Updated 08/08/2012 07:04 PM
Senator Schumer lights a fire under EPA for Alcoa
Alcoa's Massena Plant has hit a road block while attempting to move forward with their $600 million modernization project. The plan can't happen without the cleanup of the Grasse River pollution. The company's proposal to do so is in the hands of the Environmental Protection Agency. But Alcoa say the EPA isn't moving as quickly as they'd hoped. Our Cara Thomas says that's where Senator Charles Schumer is stepping in to help.
To view our videos, you need to
install Adobe Flash 9 or above. Install now.
Then come back here and refresh the page.
MASSENA, N.Y. --Alcoa's Massena plant has the ability to grow and expand through a $600 million modernization project, which will ultimately bring hundreds more jobs to St. Lawrence County. But before that can begin, they're working with the Environmental Protection Agency to clean the Grasse River of pollutants.
John Martin, Alcoa's Location Manager, said, "It's a balance of doing what's right for the environment, at the same time, doing what's right for jobs in the North Country and keeping the economy going strong here."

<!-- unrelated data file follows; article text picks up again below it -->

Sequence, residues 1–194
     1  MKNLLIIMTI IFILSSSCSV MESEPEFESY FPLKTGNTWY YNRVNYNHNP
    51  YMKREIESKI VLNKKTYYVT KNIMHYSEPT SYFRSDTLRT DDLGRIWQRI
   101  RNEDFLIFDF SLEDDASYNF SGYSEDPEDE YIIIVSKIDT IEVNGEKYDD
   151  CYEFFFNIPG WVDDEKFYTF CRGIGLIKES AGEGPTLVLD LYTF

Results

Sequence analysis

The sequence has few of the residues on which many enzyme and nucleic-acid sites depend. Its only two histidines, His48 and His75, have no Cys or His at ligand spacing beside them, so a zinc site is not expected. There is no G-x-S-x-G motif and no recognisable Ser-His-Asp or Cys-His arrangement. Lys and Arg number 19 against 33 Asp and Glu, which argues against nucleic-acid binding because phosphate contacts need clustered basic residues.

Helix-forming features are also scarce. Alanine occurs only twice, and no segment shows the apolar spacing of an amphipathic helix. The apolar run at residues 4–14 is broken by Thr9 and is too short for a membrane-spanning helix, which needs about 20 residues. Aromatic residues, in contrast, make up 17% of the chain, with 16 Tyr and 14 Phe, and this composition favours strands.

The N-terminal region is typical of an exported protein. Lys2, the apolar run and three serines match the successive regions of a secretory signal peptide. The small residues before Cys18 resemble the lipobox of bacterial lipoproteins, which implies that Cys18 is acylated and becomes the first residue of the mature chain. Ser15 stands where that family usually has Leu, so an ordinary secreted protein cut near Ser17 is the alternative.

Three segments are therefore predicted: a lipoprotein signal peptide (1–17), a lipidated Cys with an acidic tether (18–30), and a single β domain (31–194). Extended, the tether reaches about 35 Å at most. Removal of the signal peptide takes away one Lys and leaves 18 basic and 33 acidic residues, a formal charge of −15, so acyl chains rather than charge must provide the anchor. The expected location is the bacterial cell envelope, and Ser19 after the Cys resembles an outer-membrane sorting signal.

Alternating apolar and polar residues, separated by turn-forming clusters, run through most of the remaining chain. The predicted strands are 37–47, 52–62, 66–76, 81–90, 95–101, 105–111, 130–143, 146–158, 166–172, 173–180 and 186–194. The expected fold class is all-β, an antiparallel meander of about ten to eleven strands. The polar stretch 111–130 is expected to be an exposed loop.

Alcoa says they've continued to submit plans and revisions to the EPA for approval and now it's just a waiting game. But they're hoping that with Senator Schumer's help they'll be able to speed up the process.
Schumer said, "It's natural for Alcoa to say we want to expand, but if we have this EPA thing hanging over our head in the Grasse River, we can't expand until we get that off our back."
Schumer says it's not unusual for the EPA to move slowly through these processes. But he says the sooner the Grasse River cleanup project is approved, the sooner Alcoa can move forward with their expansion.
"I will do everything I can to prevent bureaucratic red tape from holding up that growth because that's the only thing standing in the way," said Schumer.
He says there is a $200 million proposal on the table that he believes is a fair option. But Alcoa says they need to know the definitive cost of the cleanup project before they can get their modernization plan approved by the board.
"What we need to have is an acceptable solution by March of next year when we take the project to the board," said Martin.
There is also the fear that if the cleanup project costs too much, Alcoa may not be able to afford the modernization plan. Senator Schumer says he plans to light a fire under the EPA to fast track the approval of this project so everything can be resolved soon.